Dong quai has a long history of traditional medicinal use in both Chinese medicine and native American medicine, and it continues to be used for female conditions to balance the effects of menopause (hot flashes and night sweats) and PMS (cramping). The active components in dong quai are thought to be the coumarins, ferulic acid and ligustilide. The coumarins are known to increase blood flow, and ferulic acid and ligustilide are known to have muscle relaxing effects. Although there have been no known “estrogenic compounds” found in dong quai, it has been confirmed to have both estrogenic and anti-estrogenic activity in vitro (Amato et al., 2002). Dong quai is sometimes used in “bust enhancing” herbal products, but no clinical studies have been conducted on it for this purpose (Fugh-Berman, 2003). Dong quai has been shown to possess in vitro nonspecific immunostimulatory activity (Wilasrusmee et al., 2002).
Dong quai was included in a phytoestrogen combination which was found to be beneficial to treating migraines associated with the menstrual cycle in a clinical study, but it is unknown how much dong quai contributed to its efficacy (Burke et al., 2002). After only one negative clinical study, dong quai was abandoned from clinical practice by many in the U.S., however, considering the its long history of use and reported success in alternative medicine settings, it seems dong quai deserves more clinical research and more credit.
Hirata et al. (1997) examined the use of dong quai in postmenopausal women in a double-blind, randomized, placebo-controlled clinical trial. Outcome parameters measured its effect on endometrial thickness (by ultrasonography), cellular maturation of vaginal cells, the Kupperman index (for determining menopausal symptoms), and frequency of hot flashes. Seventy-one women were included in the study and given either dong quai or placebo for 24 weeks. No statistically significant differences were found between treatment and placebo groups for any of the parameters measured. The authors concluded that dong quai does not produce estrogen-like responses in postmenopausal women for the parameters measured.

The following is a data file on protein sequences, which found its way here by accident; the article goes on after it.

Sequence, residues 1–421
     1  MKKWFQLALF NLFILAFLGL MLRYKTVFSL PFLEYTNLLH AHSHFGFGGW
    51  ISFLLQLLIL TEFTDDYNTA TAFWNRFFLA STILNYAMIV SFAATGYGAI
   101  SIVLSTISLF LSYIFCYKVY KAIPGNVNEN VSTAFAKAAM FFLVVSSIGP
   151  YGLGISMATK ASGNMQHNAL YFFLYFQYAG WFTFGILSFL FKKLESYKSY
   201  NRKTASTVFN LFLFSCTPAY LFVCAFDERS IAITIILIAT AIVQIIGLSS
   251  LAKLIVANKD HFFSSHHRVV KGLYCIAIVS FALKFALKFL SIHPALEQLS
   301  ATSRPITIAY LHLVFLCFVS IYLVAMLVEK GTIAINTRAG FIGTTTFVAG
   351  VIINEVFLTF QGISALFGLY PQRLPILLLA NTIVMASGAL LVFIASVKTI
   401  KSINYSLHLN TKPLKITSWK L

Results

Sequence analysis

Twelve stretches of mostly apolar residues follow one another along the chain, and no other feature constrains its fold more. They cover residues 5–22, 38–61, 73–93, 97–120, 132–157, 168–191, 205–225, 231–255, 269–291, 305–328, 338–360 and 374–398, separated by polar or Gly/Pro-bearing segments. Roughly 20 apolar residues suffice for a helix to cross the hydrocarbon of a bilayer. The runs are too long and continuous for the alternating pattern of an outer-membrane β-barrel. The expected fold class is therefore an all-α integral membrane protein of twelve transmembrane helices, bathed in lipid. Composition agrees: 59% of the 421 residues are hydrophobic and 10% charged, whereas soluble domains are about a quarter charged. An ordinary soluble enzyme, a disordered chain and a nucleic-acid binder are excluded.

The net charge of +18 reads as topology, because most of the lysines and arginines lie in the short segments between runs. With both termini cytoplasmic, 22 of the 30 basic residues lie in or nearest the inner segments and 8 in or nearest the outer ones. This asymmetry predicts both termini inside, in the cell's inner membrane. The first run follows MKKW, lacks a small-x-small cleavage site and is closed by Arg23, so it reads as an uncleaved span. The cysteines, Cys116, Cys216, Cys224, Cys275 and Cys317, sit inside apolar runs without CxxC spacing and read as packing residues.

Safety / Dosage
Generally, dong quai is administered in the dosage range of 250-1000 mg daily (taken in divided doses) for the relief of menopausal or menstrual symptoms. There is no consensus on the standardization of dong quai as activity has been found in different fractions of the plant extracts. Dong quai is considered quite safe, but there is some concern of potential to increase photosensitivity due to its content of coumarins. Another concern is a potential drug interaction with aspirin because of dong quai’s antiplatelet activity (Abebe, 2003; Abebe, 2002).
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EDITOR'S NOTE: This monograph can be found in The Health Professional's Guide to Dietary Supplements (Lippincott, Williams & Wilkins) by Shawn M. Talbott, PhD and Kerry Hughes, MS.